South Korea: First taste of SeOUL

20 June 2012

Flying over new apartment blocks

The 90 minute flight with 178 other passengers flew over new residential blocks in the outskirts of Seoul and eventually landed in Gimpo Airport. With 11 million out of South Korea’s 25 million people living in Seoul alone, the capital city is twice more than New York in terms of population density. The airport help desk provides travellers with all sort of information and a nice Korean couple helped me to find the correct 601 Bus. The bus ride was long and took me around many residential areas and streets in Seoul. The bus driver and passengers looked after me- they clearly sense that I don’t speak Korean. A nice elderly man went out of his way to stop me from getting off at the wrong stop. What a nice welcome.

Cleaners tidying up after a demonstration? gathering? outside city hall. The palace is towards the left.

Seoul is home to many palaces and to make it easy, you can buy a group ticket for all the sites.  Before the sun sets, I must pay a visit to Deoksugung Palace (located near City Hall).  When I arrived, I realised that it’s completely surrounded by a concrete jungle.


Rebuilt in 1906, Daehanmun became the main gate of the palace
The main throne hall
I’ve interpreted the sign as an indication of the ministerial ranks. This one is the highest.
Entrance to the throne hall

Deoksugung Palace is the symbolic seat of modern Korea and center of modern Seoul. It was the main palace for a very short-lived Empire and it remained as the royal residence before being invaded by the Japanese. It was intentionally destroyed during the colonial period of Korea and what you see is only one-third of what it used to be. It is divided into the main gate, main hall of the palace, living quarters and administrative buildings.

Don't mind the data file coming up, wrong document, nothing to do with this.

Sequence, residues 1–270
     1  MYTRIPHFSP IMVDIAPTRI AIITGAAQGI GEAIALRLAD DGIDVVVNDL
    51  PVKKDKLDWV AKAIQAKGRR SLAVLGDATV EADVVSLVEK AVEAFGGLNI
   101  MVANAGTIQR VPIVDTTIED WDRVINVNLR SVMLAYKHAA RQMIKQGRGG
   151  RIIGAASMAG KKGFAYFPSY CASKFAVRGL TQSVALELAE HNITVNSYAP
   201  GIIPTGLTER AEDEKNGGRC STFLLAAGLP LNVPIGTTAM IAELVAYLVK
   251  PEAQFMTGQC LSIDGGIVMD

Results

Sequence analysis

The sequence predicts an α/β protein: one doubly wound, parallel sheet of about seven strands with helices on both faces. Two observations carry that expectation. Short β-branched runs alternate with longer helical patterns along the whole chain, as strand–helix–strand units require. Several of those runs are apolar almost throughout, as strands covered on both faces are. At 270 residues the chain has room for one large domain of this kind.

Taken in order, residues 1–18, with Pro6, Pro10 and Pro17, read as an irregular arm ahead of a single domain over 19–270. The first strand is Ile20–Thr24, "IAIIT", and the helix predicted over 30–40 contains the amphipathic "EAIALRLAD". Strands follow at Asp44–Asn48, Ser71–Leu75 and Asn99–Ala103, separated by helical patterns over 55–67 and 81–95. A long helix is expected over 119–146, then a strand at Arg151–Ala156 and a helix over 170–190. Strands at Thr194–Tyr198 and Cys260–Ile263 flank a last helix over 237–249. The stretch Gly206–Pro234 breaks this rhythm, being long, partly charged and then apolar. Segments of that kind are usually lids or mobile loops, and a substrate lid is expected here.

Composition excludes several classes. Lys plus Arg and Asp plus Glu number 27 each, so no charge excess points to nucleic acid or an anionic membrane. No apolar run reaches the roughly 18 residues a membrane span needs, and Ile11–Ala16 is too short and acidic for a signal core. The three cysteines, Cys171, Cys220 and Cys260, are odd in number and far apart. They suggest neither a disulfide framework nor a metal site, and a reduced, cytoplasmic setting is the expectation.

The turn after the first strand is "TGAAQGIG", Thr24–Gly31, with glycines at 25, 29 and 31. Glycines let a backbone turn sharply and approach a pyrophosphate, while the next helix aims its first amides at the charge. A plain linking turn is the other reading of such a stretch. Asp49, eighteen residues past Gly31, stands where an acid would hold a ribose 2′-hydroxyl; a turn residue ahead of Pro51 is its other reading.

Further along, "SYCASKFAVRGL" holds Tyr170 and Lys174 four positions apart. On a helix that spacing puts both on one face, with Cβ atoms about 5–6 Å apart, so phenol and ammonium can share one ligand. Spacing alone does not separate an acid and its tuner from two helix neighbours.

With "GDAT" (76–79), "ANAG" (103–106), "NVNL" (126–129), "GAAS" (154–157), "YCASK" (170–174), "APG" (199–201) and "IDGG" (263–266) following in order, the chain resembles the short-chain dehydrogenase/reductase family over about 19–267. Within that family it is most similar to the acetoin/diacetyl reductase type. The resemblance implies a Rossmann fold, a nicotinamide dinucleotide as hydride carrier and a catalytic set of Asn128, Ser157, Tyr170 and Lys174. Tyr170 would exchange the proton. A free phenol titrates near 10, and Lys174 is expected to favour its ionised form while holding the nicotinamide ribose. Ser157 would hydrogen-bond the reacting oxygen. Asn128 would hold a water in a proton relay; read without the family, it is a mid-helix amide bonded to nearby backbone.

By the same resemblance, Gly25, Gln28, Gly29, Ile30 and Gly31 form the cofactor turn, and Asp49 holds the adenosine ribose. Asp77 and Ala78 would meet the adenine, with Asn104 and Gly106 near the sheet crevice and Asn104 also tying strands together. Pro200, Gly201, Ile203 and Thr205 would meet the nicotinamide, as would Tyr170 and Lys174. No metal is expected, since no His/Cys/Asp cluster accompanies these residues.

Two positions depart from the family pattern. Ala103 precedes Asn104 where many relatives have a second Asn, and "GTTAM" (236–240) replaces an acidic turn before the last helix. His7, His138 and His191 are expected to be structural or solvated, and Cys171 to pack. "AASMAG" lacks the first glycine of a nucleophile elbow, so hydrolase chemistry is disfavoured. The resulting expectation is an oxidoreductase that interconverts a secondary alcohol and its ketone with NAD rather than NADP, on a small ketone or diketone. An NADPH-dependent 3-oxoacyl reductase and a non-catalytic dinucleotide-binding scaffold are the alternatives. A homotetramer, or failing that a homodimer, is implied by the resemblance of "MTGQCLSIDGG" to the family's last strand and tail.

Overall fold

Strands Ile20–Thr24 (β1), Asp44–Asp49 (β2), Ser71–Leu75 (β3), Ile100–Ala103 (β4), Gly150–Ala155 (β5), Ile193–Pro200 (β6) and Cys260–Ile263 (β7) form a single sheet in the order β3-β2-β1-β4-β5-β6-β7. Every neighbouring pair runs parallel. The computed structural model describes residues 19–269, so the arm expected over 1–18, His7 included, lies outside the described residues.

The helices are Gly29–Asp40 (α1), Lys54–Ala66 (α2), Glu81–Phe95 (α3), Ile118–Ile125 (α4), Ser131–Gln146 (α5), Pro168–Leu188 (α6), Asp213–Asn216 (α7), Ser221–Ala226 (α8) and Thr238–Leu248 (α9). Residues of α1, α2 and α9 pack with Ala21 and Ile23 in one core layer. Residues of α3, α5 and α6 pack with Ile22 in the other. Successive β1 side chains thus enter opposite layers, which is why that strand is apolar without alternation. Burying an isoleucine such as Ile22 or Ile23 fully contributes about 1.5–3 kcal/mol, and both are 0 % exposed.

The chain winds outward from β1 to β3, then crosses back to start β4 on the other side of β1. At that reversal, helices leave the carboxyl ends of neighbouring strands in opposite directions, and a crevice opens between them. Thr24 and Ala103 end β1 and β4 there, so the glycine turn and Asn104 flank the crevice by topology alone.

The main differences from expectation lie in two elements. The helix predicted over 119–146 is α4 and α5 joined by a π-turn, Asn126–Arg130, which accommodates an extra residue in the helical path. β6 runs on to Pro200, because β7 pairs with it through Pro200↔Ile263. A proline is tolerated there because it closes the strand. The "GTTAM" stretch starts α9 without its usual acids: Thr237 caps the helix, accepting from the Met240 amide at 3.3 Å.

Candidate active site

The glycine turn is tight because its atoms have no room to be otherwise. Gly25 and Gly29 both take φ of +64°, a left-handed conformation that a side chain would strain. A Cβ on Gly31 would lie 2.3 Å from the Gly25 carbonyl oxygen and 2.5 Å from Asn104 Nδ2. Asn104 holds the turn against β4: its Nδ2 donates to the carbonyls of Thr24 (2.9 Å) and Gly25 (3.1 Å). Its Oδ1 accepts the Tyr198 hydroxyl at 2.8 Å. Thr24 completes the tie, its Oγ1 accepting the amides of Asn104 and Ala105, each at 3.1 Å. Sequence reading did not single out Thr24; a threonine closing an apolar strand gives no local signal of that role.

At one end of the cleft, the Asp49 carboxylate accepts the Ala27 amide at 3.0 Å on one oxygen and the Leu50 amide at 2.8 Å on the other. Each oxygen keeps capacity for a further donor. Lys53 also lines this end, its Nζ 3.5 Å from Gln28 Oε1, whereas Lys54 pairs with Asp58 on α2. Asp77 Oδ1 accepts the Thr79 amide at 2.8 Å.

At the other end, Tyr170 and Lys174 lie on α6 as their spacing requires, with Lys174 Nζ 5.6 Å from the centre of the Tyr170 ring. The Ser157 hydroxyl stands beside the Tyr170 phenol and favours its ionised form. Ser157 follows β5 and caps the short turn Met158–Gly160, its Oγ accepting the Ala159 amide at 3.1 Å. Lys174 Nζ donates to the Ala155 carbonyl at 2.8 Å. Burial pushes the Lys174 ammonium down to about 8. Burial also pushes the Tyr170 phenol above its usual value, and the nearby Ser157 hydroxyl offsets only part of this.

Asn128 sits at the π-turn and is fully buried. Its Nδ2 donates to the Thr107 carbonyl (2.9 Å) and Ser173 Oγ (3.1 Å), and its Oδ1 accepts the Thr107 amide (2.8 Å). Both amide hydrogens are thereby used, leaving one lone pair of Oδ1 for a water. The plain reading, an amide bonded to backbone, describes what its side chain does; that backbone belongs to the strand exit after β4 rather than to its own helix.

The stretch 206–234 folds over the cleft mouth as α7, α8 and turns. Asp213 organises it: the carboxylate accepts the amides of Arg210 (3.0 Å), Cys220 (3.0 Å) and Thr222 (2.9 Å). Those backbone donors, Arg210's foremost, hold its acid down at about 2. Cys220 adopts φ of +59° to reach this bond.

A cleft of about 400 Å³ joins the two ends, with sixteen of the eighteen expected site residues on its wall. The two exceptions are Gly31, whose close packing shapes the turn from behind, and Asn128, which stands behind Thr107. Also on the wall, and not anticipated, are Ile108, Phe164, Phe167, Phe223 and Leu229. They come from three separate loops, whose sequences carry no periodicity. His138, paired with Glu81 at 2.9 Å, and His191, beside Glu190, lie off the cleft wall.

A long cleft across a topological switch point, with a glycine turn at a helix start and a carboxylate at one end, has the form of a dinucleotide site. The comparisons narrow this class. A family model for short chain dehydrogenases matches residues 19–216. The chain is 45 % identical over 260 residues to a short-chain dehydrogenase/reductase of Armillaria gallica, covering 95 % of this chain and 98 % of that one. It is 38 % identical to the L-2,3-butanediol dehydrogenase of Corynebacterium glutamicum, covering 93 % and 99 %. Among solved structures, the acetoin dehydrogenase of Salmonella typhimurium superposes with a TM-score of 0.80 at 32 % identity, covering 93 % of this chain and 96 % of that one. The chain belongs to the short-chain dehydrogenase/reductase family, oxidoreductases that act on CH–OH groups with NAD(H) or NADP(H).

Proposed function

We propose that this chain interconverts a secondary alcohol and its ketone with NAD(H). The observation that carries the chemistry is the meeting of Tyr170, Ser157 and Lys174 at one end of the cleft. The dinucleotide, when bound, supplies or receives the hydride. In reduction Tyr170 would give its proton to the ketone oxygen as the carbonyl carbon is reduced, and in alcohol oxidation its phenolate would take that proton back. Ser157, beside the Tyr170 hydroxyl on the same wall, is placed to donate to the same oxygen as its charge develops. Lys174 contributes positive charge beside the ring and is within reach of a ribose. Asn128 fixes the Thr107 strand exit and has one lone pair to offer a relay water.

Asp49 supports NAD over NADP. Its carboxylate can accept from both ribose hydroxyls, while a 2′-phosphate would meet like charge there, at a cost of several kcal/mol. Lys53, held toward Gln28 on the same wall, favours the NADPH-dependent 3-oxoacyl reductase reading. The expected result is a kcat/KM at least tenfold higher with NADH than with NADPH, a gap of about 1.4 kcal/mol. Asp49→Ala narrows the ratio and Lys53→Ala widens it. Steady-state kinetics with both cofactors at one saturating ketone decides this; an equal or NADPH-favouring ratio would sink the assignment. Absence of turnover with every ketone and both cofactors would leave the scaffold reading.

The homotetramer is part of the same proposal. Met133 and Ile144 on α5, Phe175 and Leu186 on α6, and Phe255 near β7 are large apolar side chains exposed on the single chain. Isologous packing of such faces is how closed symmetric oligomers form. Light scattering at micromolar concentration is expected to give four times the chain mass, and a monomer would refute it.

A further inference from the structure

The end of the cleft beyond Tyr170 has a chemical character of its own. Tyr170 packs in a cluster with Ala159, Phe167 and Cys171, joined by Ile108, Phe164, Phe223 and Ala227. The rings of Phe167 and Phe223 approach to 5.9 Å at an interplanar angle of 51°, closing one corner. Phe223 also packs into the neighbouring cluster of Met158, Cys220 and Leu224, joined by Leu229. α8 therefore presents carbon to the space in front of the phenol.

Plastic surgery (Internet)
Plastic surgery (Internet)

As I took a stroll around the busier parts of Seoul, I became somewhat surprised by how many intoxicated people there were walking around the busy streets filled with pubs and flashy lights….and let’s not forget about all the plastic surgery clinics and in- your- face ads ” Unhappy with your looks? cut up your face and make yourself pretty!”- hmmm…

Taking a stroll in the markets

Some observations so far

  • You can get your shoes fixed and polished in the wooden cabins found on most of the main streets. The people who work there are all elderlies.
  • Many residential developments and lots of cafe.
  • It’s all about collectivism.
  • The roofs in South Korean building are always aligned with the mountains- similar direction, angle and slope.
  • Metro announcements made in three languages and unlike full scans in Beijing, security is not tight here in Seoul.
  • People love their baseball and are not afraid to go under the knife to alter their looks so that they can be accepted and loved ( it is a shallow society after all).